The relatively stable, slowly uplifted San Diego coastal belt has preserved ancient landforms to an exceptional degree. Much of the area can be read as modified by a regressing sea throughout most of the Pleistocene. The glacial and inter­ glacial sea level changes left classic alluvial covers over low sea stand beaches and valley fills recording high sea stands. The latest coastal terrace alluvial covers over high sea stand beaches contain an archaeological record. The valleys have fills attributed to episodes of high sea stand, and an archeological record is found in these fills also. The record of human finely made scrapers, some bifacially flaked knives and some odd crescentic stones. Whether they had the mano and metate is controversial. In my view, they did (Carter 1977). They were succeeded by the La Jollan people after 8000 years ago. These people rarely used the fine-grained volcanics but instead depended on the inferior cobbles of quartzite and porphyry so abundant in the region. Instead of fine scrapers. they made crude ones. Bifacial knives of the San Dieguito type disappear. The metate was of great importance in their economy that emphasized seed gathering, much use of acorns, much small game, and moderate amounts of deer-sized game. On the coast there was much use of shell fish. (This is a cul­ tural decline. Or, perhaps a replacement of the earlier people by a culturally less advanced group). The historic people differed little from the preceding La Jollan people. They simply added pottery making and use of the bOw and arrow. They took up the practice of cremation in place of burial. The original way of life simply was carried on with little change. I have for some decades put forward a quite different picture (Carter 1950. 1951. 1952. 1957a. 1959. 1978, 1980). The Diegueno are the historic people, Yuman in speech and cultur­ ally enriched from the east, but otherwise little different from the La Jolla people who clearly preceded them in time. This, so far, is also the generally accepted view. Differences appear in treatment of the San Dieguito prob­ lem. They seem to me to be a very weak impulse reaching y. this area from the east, a pale reflection of the Clovis-Folsom revolution with its production of beautifully made stone points and with some emphasis on big game hunting, though even for the Great Plains and the East it is probable that the hunting • 1 has been over-emphasized. Perhaps few people brought these 1 advanced stone work techniques or perhaps it was only a weak i flow of ideas. At any rate. it died out leaving little mark on , the old life way.
... Most researchers initially accepted Orr's hypothesis that the discrete packages of discolored sediments he called fire areas were related to burn events (e.g., Johnson et al. 1980, Wendorf 1982. This hypothsis was eventually challenged by a group invoking a groundwater process to explain the features (Cushing et al. 1986, Cushing 1993. Although the groundwater hypothesis does not appear to have gained much support by researchers working on the islands, it wasn't until recently that Rick et al. (2012) used multiple lines of evidence, including clay mineralogy, to demonstrate that the fire areas were indeed the result of fire and not groundwater processes. ...
Article
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charcoal is relatively common in the Quaternary record on the California Channel Islands. Previous researchers have found charcoal in paleosols, eolian and alluvial sequences, and sediment cores dating to the late Pleistocene and Holocene on Santa Rosa, San Miguel, and Santa Cruz islands, among others (Orr 1968, Johnson 1977, Cole and Liu 1994, Anderson et al. 2009, Pinter et al. 2011b, Scott et al. 2011). For decades, researchers have been interested in understanding fire regimes on the Channel Islands and the role early humans might have had in using fire to transform the island landscapes (Orr 1968, Kennett et al. 2008, Pinter et al. 2011a, Erlandson et al. 2012, Rick et al. 2012). How-ever, assessing the role that humans have had in the fire history of the islands is made diffi-cult by the fact that both natural (lightning-induced) and anthropogenic fires leave behind similar evidence in the geologic record, espe-cially during times when human populations are relatively low. On mainland North America, humans have used fire since at least the late Pleistocene to clear land for cultivation, remove underbrush, drive or trap game, and alter plant communi-ties (Greenlee and Langenheim 1990, Keeley 2002, Bowman et al. 2009). Evidence for such activities goes back even further in time in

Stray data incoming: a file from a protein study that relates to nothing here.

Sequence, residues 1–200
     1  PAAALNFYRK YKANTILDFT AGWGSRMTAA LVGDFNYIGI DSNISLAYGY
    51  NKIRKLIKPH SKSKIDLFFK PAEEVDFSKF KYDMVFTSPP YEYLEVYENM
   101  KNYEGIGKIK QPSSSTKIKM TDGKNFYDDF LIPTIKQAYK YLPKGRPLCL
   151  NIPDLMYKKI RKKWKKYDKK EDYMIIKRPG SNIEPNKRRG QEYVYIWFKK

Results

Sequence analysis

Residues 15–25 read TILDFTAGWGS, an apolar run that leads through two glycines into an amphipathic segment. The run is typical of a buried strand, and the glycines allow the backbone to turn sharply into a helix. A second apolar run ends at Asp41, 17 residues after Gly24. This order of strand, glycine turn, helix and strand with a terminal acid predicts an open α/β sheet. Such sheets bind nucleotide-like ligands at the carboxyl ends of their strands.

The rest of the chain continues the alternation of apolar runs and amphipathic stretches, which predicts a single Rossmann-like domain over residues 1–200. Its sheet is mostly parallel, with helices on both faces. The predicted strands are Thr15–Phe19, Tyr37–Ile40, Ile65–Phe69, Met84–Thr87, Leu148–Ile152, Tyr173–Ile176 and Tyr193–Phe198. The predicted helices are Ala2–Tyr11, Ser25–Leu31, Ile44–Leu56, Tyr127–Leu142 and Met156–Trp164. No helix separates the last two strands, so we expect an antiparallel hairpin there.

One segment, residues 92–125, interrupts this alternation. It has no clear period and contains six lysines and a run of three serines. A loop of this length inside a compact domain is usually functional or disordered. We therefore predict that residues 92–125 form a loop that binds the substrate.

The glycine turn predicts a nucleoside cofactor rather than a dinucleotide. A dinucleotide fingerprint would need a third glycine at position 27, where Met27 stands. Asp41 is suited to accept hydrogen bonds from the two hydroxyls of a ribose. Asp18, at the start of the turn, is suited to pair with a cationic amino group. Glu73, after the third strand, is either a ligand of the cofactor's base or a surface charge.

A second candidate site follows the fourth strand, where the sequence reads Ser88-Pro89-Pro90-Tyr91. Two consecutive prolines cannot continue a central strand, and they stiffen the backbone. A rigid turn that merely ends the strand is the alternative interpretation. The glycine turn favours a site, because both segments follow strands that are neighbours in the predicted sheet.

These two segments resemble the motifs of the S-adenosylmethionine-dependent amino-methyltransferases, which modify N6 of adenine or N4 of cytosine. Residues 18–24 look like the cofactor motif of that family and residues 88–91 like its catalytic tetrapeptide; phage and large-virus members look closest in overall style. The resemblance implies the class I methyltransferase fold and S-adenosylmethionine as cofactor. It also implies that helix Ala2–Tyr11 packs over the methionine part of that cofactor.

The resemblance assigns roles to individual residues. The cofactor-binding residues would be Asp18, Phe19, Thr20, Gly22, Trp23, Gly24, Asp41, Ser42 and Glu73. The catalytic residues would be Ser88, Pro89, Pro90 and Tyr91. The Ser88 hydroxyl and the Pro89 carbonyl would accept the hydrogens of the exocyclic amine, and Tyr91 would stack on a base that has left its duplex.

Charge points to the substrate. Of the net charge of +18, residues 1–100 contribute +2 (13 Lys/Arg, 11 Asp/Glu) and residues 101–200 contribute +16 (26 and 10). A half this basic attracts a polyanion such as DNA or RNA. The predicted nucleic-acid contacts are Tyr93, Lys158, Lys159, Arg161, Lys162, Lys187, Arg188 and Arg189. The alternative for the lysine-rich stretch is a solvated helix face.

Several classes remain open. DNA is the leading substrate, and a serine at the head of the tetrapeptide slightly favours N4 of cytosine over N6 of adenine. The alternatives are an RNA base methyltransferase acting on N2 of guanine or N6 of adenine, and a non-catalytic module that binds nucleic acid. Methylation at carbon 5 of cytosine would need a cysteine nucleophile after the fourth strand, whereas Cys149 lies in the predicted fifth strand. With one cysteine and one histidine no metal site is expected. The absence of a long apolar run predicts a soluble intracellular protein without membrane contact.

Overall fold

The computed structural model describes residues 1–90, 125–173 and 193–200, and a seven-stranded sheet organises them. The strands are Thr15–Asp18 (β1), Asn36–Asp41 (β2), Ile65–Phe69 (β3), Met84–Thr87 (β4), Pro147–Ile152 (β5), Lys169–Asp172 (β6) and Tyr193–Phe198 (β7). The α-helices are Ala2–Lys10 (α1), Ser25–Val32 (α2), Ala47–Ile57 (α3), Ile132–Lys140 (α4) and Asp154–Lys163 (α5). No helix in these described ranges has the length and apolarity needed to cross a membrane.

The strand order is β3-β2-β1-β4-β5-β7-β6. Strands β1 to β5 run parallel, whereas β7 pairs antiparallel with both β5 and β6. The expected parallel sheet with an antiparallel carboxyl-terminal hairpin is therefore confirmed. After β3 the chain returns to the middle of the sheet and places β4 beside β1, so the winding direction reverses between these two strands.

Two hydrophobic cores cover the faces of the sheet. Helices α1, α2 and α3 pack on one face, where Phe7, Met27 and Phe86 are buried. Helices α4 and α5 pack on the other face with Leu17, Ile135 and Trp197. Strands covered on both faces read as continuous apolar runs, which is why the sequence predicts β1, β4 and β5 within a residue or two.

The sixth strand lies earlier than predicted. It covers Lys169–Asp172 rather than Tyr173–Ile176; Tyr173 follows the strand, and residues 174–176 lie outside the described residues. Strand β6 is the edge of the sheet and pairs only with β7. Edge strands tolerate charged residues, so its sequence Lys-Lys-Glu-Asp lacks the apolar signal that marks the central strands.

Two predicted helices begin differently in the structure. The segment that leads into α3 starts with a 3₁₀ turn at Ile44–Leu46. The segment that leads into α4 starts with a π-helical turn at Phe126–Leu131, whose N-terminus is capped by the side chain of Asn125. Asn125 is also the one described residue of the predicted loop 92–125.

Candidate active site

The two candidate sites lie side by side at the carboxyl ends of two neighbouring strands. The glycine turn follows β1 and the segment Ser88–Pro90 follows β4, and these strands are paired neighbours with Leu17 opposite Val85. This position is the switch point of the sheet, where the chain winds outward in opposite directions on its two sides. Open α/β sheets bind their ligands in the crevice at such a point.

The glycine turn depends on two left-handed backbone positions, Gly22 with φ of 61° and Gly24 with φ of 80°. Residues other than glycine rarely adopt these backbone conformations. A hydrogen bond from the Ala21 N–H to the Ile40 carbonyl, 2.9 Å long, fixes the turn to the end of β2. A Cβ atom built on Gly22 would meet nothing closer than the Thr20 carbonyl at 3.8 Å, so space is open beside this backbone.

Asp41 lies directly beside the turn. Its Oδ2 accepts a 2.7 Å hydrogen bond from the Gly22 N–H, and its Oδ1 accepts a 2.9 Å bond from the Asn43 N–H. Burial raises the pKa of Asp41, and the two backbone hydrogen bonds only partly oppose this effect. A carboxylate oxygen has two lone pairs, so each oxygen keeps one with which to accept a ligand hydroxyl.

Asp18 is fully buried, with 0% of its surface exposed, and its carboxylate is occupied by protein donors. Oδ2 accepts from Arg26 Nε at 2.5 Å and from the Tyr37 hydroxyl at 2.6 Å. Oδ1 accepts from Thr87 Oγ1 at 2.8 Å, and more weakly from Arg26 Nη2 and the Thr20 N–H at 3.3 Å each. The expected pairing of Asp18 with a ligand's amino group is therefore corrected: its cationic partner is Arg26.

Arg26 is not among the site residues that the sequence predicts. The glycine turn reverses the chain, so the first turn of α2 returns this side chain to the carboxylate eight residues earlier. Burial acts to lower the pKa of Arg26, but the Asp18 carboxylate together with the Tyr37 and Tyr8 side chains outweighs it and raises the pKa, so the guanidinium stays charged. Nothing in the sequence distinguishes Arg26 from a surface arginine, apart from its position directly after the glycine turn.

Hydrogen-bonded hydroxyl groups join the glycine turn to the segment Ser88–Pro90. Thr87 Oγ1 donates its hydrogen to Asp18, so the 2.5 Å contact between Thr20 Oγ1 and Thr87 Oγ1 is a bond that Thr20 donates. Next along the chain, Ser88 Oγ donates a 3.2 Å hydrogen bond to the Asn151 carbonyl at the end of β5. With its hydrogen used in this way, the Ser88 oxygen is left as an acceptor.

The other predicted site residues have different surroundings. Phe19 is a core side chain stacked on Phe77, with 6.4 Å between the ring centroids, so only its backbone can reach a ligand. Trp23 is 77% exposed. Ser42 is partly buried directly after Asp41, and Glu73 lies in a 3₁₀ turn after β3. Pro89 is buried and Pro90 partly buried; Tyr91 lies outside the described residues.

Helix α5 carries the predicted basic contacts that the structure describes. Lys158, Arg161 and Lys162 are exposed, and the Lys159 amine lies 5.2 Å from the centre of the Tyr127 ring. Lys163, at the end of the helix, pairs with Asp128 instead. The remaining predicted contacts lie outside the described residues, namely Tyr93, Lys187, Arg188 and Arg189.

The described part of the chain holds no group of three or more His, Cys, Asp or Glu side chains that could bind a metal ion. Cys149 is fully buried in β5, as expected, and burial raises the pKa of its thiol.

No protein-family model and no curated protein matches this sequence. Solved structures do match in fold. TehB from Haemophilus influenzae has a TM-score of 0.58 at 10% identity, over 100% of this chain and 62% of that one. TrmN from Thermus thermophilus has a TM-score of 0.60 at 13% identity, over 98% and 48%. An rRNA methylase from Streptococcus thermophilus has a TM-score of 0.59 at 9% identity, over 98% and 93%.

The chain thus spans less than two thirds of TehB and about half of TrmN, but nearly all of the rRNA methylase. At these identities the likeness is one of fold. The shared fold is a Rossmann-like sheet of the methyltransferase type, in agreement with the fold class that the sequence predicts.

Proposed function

... Countering the anthropogenic mode of origin are 2 controversial but naturally occurring processes of origin. One of these is not related to fire at all, but proposes that the "fire" areas are simply zones of sediment alteration from groundwater (Cushing et al. 1986, Cushing 1993. However, the precise mechanism by which sediment can be simultaneously blackened and reddened in a short vertical distance by groundwater is not clear. ...
Article
Full-text available
Over a span of 50 years, native Californian Donald Lee Johnson made a number of memorable contributions to our understanding of the California Channel Islands. Among these are (1) recognizing that carbonate dunes, often cemented into eolianite and derived from offshore shelf sediments during lowered sea level, are markers of glacial periods on the Channel Islands; (2) identifying beach rock on the Channel Islands as the northernmost occurrence of this feature on the Pacific Coast of North America; (3) recognizing of the role of human activities in historic landscape modification; (4) identifying both the biogenic and pedogenic origins of caliche “ghost forests” and laminar calcrete forms on the Channel Islands; (5) providing the first soil maps of several of the islands, showing diverse pathways of pedogenesis; (6) pointing out the importance of fire in Quaternary landscape history on the Channel Islands, based on detailed stratigraphic studies; and (7), perhaps his greatest contribution, clarifying the origin of Pleistocene pygmy mammoths on the Channel Islands, due not to imagined ancient land bridges, but rather the superb swimming abilities of proboscideans combined with lowered sea level, favorable paleowinds, and an attractive paleovegetation on the Channel Islands. Don was a classic natural historian in the great tradition of Charles Darwin and George Gaylord Simpson, his role models. Don’s work will remain important and useful for many years and is an inspiration to those researching the California Channel Islands today.